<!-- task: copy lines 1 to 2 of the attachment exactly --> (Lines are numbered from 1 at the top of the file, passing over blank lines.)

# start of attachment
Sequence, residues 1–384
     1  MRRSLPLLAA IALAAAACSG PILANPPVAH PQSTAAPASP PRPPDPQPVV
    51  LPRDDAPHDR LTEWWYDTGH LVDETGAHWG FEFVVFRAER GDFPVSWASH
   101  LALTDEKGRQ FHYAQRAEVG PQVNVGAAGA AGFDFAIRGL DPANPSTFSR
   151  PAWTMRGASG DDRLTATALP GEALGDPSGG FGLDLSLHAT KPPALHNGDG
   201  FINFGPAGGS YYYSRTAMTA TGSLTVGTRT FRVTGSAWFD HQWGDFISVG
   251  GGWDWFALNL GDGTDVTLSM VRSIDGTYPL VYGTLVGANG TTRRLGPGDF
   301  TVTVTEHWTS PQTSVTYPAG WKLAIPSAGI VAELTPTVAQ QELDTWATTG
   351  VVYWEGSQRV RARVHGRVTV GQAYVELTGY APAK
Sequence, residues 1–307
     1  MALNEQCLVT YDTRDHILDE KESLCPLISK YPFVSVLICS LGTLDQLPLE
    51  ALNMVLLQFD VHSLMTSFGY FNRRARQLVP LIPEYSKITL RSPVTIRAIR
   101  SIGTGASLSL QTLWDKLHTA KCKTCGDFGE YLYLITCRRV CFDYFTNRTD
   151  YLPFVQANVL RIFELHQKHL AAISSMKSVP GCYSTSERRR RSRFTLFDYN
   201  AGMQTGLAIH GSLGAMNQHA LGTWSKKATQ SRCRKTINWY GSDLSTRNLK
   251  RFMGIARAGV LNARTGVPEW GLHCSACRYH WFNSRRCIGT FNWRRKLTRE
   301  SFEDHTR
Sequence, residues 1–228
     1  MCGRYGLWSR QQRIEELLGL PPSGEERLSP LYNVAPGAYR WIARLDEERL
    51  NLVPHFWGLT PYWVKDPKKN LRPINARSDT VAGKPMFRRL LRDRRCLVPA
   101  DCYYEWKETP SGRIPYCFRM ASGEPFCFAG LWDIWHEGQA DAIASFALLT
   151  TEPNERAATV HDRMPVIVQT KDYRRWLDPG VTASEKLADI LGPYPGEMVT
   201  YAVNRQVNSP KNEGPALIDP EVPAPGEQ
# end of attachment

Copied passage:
Sequence, residues 1–384
     1  MRRSLPLLAA IALAAAACSG PILANPPVAH PQSTAAPASP PRPPDPQPVV